Child Development Centre (2019), “Triple-P parenting workshop”, available at: (accessed March 4, 2019).

Cicchetti, D. and Toth, S.L. (1991), “A developmental perspective on internalizing and externalizing disorders of childhood: internalizing and externalizing expressions of dysfunction”, in Cicchetti, D. and Toth, S.L. (Eds), Rochester Symposium on Developmental Psychopathology: Internalizing and Externalizing Expressions of Dysfunction, Vol. 2, University of Rochester Press, Rochester, NY, pp. 1-20.

DeRosier, M.E. and Gilliom, M. (2007), “Effectiveness of a parent training program for improving children’s social behavior”, Journal of Child and Family Studies, Vol. 16 No. 5, pp. 660-670.

Dewar, G. (2011), “Traditional Chinese parenting: what research says about Chinese kids and why they succeed”, available at: (accessed June 12, 2014).

Gardner, F.E.M., Sonuga-Barke, E.J.S. and Sayal, K. (1999), “Parents anticipating misbehaviour: an observational study of strategies parents use to prevent conflict with behaviour problem children”, Journal of Child Psychology and Psychiatry, Vol. 40 No. 8, pp. 1185-1196.

Hardt, J. and Rutter, M. (2004), “Validity of adult retrospective reports of adverse childhood experiences: review of the evidence”, Journal of Child Psychology and Psychiatry, Vol. 45 No. 2, pp. 260-273.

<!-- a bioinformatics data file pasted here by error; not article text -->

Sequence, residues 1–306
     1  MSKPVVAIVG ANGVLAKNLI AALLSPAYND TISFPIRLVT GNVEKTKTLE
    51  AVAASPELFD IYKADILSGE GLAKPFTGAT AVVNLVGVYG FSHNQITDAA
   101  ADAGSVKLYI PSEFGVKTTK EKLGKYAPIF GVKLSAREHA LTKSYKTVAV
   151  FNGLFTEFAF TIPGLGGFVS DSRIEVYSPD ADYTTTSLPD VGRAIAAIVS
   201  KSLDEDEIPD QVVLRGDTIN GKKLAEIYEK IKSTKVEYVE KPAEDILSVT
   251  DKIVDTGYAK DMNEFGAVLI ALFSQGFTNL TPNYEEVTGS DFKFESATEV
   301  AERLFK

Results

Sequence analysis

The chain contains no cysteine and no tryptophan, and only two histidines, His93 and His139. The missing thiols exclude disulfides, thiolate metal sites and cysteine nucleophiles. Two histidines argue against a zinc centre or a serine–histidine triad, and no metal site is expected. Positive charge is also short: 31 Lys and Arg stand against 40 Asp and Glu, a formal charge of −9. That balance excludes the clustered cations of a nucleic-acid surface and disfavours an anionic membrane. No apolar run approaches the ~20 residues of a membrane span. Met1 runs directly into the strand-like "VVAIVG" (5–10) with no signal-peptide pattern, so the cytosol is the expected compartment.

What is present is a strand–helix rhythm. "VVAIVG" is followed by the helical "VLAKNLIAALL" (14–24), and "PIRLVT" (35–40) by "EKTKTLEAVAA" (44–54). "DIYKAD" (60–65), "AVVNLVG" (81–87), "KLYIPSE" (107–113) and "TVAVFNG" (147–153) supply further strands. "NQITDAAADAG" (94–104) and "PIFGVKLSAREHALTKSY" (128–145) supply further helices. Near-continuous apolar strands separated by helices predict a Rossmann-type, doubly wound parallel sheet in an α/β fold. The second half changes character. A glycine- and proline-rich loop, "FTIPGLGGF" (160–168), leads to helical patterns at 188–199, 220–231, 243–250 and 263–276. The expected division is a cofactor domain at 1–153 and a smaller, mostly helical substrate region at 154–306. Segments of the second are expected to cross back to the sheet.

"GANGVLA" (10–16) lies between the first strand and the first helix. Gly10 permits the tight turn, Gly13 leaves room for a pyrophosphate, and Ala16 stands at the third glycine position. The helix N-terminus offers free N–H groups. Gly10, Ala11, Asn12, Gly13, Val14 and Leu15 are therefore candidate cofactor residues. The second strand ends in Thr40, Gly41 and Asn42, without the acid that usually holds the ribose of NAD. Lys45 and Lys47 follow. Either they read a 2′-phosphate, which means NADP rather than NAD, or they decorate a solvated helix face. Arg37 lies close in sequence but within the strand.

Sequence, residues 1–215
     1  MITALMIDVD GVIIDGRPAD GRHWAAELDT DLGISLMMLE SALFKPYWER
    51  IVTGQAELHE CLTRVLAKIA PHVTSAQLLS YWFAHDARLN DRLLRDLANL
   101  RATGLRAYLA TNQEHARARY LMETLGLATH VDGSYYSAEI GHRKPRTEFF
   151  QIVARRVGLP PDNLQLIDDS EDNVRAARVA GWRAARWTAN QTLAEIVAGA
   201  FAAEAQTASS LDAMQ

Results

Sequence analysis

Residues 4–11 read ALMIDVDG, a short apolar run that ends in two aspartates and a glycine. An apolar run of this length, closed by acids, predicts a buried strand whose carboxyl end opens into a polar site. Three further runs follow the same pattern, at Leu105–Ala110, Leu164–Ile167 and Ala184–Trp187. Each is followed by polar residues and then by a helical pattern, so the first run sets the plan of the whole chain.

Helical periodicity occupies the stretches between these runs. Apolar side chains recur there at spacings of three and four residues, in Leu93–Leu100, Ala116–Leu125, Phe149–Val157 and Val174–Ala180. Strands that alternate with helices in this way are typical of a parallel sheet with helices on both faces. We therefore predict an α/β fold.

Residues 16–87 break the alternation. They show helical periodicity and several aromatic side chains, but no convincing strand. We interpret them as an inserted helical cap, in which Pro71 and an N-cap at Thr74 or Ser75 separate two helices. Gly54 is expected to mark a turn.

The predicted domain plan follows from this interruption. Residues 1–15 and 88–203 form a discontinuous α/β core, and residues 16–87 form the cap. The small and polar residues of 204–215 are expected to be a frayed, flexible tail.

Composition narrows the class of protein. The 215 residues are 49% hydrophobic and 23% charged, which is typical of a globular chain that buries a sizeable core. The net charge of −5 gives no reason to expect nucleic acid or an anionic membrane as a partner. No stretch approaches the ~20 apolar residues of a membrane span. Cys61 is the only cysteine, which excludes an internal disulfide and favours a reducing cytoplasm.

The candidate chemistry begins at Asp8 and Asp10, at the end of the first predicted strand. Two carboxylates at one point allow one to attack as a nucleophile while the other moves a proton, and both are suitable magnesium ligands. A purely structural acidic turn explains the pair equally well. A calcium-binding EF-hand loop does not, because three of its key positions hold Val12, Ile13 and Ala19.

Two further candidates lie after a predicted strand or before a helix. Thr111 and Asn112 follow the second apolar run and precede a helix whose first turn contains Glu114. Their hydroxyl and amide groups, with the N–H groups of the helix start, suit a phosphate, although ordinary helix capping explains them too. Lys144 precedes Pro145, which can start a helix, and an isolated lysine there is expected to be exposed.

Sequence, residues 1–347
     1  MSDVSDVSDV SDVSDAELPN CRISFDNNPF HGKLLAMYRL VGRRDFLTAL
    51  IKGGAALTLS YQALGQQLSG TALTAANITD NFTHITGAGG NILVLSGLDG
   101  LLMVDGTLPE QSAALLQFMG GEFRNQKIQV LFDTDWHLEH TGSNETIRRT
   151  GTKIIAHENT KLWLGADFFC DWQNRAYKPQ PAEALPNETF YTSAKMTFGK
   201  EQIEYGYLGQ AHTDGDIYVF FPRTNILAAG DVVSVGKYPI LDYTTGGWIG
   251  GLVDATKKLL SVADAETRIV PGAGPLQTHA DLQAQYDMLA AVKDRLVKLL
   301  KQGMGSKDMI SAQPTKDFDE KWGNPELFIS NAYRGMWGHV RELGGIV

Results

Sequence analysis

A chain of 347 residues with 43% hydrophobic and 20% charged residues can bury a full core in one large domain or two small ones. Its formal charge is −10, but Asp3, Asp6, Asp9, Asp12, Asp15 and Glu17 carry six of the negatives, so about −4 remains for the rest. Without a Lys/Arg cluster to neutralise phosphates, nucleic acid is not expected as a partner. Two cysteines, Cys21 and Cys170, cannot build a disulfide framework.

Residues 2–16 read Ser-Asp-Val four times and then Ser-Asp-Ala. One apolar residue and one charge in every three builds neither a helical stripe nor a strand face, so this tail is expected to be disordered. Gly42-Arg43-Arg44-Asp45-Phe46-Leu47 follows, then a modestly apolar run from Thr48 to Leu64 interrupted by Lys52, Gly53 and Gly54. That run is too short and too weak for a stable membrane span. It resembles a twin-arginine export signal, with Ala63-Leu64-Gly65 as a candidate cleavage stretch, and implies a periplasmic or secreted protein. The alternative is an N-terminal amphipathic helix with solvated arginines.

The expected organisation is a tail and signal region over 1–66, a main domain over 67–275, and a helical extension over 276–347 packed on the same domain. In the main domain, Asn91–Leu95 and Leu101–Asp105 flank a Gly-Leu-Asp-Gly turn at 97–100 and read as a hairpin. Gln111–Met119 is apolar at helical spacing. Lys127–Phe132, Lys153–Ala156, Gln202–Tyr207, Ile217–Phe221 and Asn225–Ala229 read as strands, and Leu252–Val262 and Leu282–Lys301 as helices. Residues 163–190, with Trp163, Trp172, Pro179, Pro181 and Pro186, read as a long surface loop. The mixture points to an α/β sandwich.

Hembree-Kigin, T.L. and McNeil, C.B. (1995), Parent-child Interaction Therapy, Plenum, New York, NY.

Hong Kong Character City (2016), “6As training”, (in Chinese), available at: (accessed March 4, 2019).

Keyfitz, L.L., Lumley, M.M., Hennig, K.K. and Dozois, D.D. (2013), “The role of positive schemas in child psychopathology and resilience”, Cognitive Therapy and Research, Vol. 37 No. 1, pp. 97-108.

Lau, S. (1997), Growing up the Chinese Way: Chinese Child and Adolescent Development, Chinese University Press, Hong Kong, pp. 357-374.

Lee, C. (2007), “Activity news”, (in Chinese), available at: (accessed March 4, 2019).

Leung, C. and Tsang, S.K.M. (2010), “The Chinese Parental Stress Scale: Psychometric Evidence Using Rasch Modeling on Clinical and Nonclinical Samples”, Journal of Personality Assessment, Vol. 92 No. 1, pp. 26-34.

Leung, C., Tsang, S., Heung, K. and Yiu, I. (2009), “Effectiveness of Parent-Child Interaction Therapy (PCIT) among Chinese families”, Research on Social Work Practice, Vol. 19 No. 3, pp. 304-313.

Leung, C., Sanders, M.R., Leung, S., Mak, R. and Lau, J. (2003), “An outcome evaluation of the implementation of the Triple P-Positive Parenting Program in Hong Kong”, Family Process, Vol. 42 No. 4, pp. 531-544.

Li, H.C.W., Chan, S.S.C., Mak, Y.W. and Lam, T.H. (2013), “Effectiveness of a parental training programme in enhancing the parent-child relationship and reducing harsh parenting practices and parental stress in preparing children for their transition to primary school: a randomised controlled trial”, BMC Public Health, Vol. 13 No. 1, pp. 1-21.

Lieber, E., Fung, H. and Leung, P. (2006), “Chinese child-rearing beliefs: key dimensions and contributions to the development of culture-appropriate assessment”, Asian Journal of Social Psychology, Vol. 9 No. 2, pp. 140-147.

McDowell, J. and Day, D. (2008), How to be a Hero to your Kids, Campus Crusade Asia, Word Publishing, Dallas, TX.

Mak, M.H.J. (2011), “Youth suicide: knowledge and attitudes from secondary students’ perspectives – a Hong Kong based study”, Illness, Crisis & Loss, Vol. 19 No. 1, pp. 41-56.

Reedtz, C., Handegard, B.H. and March, W.T. (2011), “Promoting positive parenting practices in primary care: outcomes and mechanisms of change in a randomized controlled risk reduction trial”, Scandinavian Journal of Psychology, Vol. 52 No. 2, pp. 131-137.